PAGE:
Simple example code for working with named pipes using the Win32 API.
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README.md

win32-named-pipes-example

Simple example code for working with named pipes in C++ using the Win32 API.

For a full explanation see the accompanying blog post here:

Author

Peter R. Bloomfield.

License

The code is made freely available under the MIT open source license (see accompanying LICENSE file for details). It is intended only for educational purposes. and is provide as-is with no guarantee about its reliability, correctness, or suitability for any purpose.

Server and client

There is example code for two programs, named "server" and "client".

The server program will open a named pipe, wait for something else to connect to it, and then send some data over it. The client program will look for a named pipe, connect to it, and then wait to receive some data through it.

The code for each of these programs can be found in src/server.cpp and src/client.cpp respectively.

Building the programs

Visual Studio 2015

Solution/project files are included for VC12 (Visual Studio 2015). The Community edition is excellent and is free for individuals and small teams. You can download it from here:

In the vc12 folder in the repository, you will find a solution file called win32-named-pipe-example.sln. Open it in Visual Studio. Open the "Build" menu and click "Build Solution". Both programs should be compiled and linked.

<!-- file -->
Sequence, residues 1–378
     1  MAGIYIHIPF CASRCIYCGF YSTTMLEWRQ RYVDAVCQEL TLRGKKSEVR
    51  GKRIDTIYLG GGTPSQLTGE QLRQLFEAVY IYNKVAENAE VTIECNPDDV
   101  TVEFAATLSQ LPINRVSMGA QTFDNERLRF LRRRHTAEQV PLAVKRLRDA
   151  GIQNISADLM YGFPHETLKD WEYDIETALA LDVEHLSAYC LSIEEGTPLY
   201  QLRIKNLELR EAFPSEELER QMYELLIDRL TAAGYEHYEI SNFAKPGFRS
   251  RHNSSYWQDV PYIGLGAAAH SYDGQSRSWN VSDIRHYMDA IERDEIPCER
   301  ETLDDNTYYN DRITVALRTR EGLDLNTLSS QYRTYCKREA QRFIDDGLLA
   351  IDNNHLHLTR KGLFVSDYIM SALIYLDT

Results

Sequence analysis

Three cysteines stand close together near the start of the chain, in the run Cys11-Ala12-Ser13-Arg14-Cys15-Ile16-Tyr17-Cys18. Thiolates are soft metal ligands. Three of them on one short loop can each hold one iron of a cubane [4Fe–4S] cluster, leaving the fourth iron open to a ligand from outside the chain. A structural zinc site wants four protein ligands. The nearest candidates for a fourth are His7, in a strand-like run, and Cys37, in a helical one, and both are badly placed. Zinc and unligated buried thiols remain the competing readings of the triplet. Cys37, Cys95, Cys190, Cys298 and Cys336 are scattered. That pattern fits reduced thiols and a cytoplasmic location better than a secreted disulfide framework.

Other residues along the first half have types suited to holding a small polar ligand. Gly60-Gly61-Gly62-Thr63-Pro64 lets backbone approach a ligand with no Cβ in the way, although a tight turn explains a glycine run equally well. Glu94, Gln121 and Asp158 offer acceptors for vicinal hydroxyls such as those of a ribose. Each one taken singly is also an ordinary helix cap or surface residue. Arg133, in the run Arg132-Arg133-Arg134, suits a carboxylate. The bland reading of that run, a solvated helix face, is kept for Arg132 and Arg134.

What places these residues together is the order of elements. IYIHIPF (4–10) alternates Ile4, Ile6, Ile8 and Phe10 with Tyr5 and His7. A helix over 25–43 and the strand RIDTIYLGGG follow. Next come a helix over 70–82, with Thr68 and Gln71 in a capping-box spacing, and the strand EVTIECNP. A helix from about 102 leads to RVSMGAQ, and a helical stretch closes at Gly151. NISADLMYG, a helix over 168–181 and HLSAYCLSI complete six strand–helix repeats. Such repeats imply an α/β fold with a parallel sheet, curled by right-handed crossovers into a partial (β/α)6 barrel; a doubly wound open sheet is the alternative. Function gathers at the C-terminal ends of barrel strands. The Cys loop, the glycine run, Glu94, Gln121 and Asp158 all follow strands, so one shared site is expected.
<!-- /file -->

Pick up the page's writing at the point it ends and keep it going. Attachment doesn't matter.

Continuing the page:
The resulting executables will be put in vc12/Debug or vc12/Release, depending on which configuration you built.

Running the example programs

After building both programs, first run the server program. It will open a console window and you should see it report that it has opened a pipe and is waiting for a connection. Leave the server window open and run the client program. It will open a console window as well. It should indicate that it has connected to the pipe and received some data. Go back to the server window and you should see it report that it has sent data.

Note: If you are working with Visual Studio, I recommend running the programs outside the IDE; i.e. in Explorer, navigate to vc12/Debug or vc12/Release and double-click the executables. This is because it's tricky to run two different programs from within a single Visual Studio solution (I'm sure there's a way to do it -- I just haven't found it!).